Does anyone know if thraneaxeandsawco.com is still operating? I attempted to place an order for their Black Locust wedges, but the website wouldn't let me add them to my cart. I will call them tomorrow.
     
    Last edited: Aug 14, 2018
  7. crbnSteeladdict

    crbnSteeladdict

    563
    Jul 31, 2017
    In case you cannot drop the head any lower, you can drill a hole in the wedge and use self tapping screw or you may weld piece of steel on the top of the wedge.
     
    Jasper33 likes this.
  8. Square_peg

    Square_peg Gold Member Gold Member

    Feb 1, 2012
    Jasper33 likes this.
  9. quinton

    quinton

    Nov 4, 2006
    I've had 100% success removing 15 or 20 steel wedges by drilling a hole in the top of the steel wedge; then snug a drywall screw in and pry the wedge out.
     
    Miller '72, Maine20, Agent_H and 2 others like this.
  10. High_Noon

    High_Noon

    182
    Nov 14, 2014
    Thanks again for the suggestions.

    I can definitely drop the head - at least 1/4" lower. I feel confident I can remove the wedge based upon the methods discussed herein.
     
    Miller '72 and Agent_H like this.
  11. Hickory n steel

    Hickory n steel Basic Member Basic Member

    Feb 11, 2016
    Yep.
    What I have done is put in a screw, put locking pliers on the screw, put the locking pliers in the vise, then tap on the axe with a rubber or wood mallet.
     
    Miller '72, Agent_H and quinton like this.
  12. Kevin Houtzager

    Kevin Houtzager

    908
    Jun 25, 2017
    X
     
    Last edited: May 13, 2019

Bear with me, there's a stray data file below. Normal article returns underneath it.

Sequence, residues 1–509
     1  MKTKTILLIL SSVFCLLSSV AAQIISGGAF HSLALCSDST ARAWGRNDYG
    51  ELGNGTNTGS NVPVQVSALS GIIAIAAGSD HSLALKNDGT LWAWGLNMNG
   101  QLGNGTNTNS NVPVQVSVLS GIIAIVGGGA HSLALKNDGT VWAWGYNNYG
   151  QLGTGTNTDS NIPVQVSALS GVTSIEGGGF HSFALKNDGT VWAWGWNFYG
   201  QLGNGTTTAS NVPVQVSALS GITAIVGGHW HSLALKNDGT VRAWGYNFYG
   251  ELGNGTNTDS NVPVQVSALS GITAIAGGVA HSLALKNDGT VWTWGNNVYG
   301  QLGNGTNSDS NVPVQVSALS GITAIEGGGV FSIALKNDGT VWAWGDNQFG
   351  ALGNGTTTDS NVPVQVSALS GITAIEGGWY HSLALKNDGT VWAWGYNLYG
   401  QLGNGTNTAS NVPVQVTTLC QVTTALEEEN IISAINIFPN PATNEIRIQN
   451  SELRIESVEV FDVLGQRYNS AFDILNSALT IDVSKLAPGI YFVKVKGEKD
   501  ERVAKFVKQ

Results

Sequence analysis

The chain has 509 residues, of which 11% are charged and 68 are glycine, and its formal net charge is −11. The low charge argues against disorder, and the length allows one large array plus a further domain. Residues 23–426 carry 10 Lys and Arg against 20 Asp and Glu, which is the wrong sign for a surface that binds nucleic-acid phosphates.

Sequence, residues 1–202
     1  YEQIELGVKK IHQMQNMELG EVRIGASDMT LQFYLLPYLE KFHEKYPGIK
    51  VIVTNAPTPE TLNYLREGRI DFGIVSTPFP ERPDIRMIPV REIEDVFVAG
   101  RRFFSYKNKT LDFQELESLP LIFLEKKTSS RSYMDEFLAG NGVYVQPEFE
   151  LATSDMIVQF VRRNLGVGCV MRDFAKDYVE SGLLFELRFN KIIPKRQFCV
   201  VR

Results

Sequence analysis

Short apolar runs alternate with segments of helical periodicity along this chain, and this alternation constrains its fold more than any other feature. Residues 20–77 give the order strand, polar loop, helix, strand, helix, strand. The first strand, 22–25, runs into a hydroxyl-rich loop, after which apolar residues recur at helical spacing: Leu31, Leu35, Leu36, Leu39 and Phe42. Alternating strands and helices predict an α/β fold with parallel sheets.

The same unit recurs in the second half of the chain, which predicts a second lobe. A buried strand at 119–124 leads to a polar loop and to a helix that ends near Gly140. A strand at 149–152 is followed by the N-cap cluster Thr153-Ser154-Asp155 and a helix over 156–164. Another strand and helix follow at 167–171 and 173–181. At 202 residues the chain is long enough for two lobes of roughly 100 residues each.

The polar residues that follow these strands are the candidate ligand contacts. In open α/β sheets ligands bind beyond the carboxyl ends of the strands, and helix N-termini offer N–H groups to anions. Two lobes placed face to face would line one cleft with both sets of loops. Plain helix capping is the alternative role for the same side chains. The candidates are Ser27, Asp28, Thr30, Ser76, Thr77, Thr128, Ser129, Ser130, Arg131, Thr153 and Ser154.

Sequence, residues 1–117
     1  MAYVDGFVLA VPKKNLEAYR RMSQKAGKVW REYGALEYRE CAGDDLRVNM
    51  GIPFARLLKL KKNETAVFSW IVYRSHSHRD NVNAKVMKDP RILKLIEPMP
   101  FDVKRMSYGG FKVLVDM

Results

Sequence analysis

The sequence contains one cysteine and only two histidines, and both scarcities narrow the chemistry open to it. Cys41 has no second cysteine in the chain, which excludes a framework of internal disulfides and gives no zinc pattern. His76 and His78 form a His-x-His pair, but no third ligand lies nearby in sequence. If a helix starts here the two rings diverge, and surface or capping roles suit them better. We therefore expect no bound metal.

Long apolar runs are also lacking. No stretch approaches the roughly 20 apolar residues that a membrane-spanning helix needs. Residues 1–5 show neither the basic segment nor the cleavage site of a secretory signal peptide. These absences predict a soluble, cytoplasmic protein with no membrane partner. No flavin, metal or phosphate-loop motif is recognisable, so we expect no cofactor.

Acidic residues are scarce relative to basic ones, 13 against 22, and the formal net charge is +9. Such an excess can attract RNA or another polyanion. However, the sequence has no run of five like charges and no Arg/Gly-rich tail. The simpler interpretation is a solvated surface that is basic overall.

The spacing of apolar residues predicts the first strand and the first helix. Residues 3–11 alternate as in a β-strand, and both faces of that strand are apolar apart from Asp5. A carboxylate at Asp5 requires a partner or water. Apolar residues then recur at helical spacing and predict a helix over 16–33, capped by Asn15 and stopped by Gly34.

Miller '72, Agent_H and Trailsawyer like this.
  13. A17

    A17

    890
    Jan 9, 2018
    I use a grouser bar to punch out most old handles. For average people, a grouser bar is a replacement ridge on dozer tracks _,_,_,_ In this high tech diagram, they're the comma. It has a teardrop shape that even fits in hatchet eyes. My piece is about 1ft long, a cutoff from a huge bar. However, an old handle is probably gentler.
     
    Miller '72, Agent_H and Trailsawyer like this.
  14. High_Noon

    High_Noon

    182
    Nov 14, 2014
    Wouldn't pressing or punching out the old handle only work if the steel wedge was removed?

    When replacing axe handles in the past, I've pressed or drifted them out from the bottom (out the top) after cutting off the handle.
     
  15. A17

    A17

    890
    Jan 9, 2018
    Here's the grouser bar. In the last pic its on a 3 1/2 lber's eye.
    [​IMG]
    [​IMG]
    [​IMG]
     
  16. muleman77

    muleman77

    410
    Jan 24, 2015
    I made these. Once you get the wedges out it's a snap.

    [​IMG]

    [​IMG]
     
    Miller '72, Jasper33, Agent_H and 4 others like this.
  17. High_Noon

    High_Noon

    182
    Nov 14, 2014
    Nice photos. Those drifts are awesome. I have a fairly large, octagon shaped brass rod I have used in the past, but those would obviously work a lot better.
     
    Last edited: Aug 16, 2018
    muleman77 likes this.
  18. Kevin Houtzager

    Kevin Houtzager

    908
    Jun 25, 2017
    X
     
    Last edited: May 13, 2019
    Agent_H likes this.
  19. muleman77

    muleman77

    410
    Jan 24, 2015
    I just used mild steel bar stock. Forged and ground to shape, and weld on a handle. No trouble yet, even a ridged eye, like the pulaski in the second pic.
     
    Miller '72 likes this.
  20. Agent_H

    Agent_H Gold Member Gold Member

    Aug 21, 2013
    Those are some serious drifts Muleman :thumbsup:
    This is my usual route:
    [​IMG]
    Punch
    by Agent Hierarchy
     
    muleman77 and Square_peg like this.